Curvature, surface materials, finish and solvent effects may vary the ratio of specular to diffuse reflection. For reflectance measurements it is the diffusely reflected light from the surface of the strip that carries the signal information (i.e. that light will have interacted with the a detectable label), whilst the specularly reflected light will contain no information (as this light is the component that has just bounced off the surface without interacting with the detectable label in the diffuse strip). Without resorting to relatively bulky and expensive systems, it is difficult to design a reflectance measurement system that minimises specular reflection to the extent possible with transmission measurement, especially using diffuse light as in accordance with the invention.
Reflectance systems require the use of a test surface that must be removed from the optical path for the purposes of calibration. This reference surface must not deteriorate if it is to form a part of the optical assembly. In addition, mechanical movement is required to displace such a reference material when an assay strip needs to be measured. Such problems are avoided by the invention.
In addition to the specific examples of detectable materials already mentioned herein, the invention can use as labels materials which block or reflect the electromagnetic radiation, rather than absorb it, e.g. “white” particles such as latex particles in their natural uncoloured state. Alternatively, the label can be a reactant or catalyst which participates in the generation of a radiation absorbing or radiation-blocking material, e.g. an enzyme which reacts with a substrate to produce a detectable material, such as a coloured material, in the detection zone.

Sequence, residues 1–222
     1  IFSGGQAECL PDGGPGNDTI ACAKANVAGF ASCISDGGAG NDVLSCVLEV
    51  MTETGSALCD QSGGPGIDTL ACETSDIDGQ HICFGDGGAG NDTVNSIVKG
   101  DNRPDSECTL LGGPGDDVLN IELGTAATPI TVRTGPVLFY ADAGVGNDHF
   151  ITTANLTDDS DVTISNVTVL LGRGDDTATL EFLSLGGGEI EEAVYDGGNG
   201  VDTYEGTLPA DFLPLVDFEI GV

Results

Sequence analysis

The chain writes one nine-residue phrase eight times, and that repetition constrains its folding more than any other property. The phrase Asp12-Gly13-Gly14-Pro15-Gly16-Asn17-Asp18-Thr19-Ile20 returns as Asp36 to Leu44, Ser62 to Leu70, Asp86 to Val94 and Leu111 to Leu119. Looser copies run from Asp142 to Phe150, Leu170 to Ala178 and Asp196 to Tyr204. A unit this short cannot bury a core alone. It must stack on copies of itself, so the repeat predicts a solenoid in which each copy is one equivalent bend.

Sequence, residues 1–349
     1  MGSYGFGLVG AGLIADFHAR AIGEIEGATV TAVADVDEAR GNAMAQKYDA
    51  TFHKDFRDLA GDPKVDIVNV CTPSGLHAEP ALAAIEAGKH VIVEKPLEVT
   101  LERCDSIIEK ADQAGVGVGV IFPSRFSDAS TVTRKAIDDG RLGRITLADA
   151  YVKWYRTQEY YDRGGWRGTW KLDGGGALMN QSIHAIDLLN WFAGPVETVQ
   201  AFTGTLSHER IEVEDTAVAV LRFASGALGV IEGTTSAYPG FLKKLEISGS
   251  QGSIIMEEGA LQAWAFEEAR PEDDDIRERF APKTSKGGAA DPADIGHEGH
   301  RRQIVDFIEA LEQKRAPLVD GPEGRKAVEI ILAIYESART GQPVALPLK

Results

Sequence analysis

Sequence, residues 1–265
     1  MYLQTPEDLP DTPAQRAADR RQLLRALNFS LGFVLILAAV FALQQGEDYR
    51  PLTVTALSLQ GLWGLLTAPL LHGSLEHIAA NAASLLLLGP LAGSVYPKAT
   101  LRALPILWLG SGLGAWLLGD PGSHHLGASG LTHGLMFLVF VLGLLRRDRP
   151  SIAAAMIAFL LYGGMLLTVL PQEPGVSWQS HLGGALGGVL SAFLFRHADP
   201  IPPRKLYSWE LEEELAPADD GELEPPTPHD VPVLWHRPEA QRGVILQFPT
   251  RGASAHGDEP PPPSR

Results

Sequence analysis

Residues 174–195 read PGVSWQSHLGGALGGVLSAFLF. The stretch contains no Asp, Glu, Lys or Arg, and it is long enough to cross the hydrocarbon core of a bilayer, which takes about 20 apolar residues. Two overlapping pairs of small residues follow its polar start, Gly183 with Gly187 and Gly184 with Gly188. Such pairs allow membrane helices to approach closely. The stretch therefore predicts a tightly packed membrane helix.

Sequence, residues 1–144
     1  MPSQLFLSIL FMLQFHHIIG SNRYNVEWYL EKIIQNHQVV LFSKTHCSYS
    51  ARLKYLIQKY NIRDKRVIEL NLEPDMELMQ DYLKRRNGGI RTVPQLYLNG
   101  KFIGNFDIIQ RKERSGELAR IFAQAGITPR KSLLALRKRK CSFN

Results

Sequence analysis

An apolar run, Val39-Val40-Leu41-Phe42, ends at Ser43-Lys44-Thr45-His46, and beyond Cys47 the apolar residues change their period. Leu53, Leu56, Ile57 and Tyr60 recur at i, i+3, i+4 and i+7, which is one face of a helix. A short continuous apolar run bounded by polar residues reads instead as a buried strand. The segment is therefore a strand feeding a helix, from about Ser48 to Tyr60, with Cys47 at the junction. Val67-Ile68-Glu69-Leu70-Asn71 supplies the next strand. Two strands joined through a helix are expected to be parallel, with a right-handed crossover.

The purpose of this example is to confirm that the transmission reading system of the invention enables consistent data to be obtained from a testing device.
A dual-analyte testing device, selected at random from a batch of identical devices constructed as hereinbefore described with reference to FIGS. 1 and 2, using blue-coloured latex particles as a label concentrated in two test lines on a nitrocellulose strip to reveal the test result, was repeatedly inserted and “read” in a monitor constructed as hereinbef ore described with reference to FIGS. 3 to 8.
The intensities of the two test lines respectively represented the concentrations of LH and E3G in a urine sample applied to the testing device.
The testing device was inserted and removed from the monitor 10 times. The percentage light transmission for each reading was as follows:
These results indicate that the reading system of the invention produces consistent data which is not affected significantly by any variability of test line placement when the test device is inserted in the monitor.
|Cited Patent||Filing date||Publication date||Applicant||Title|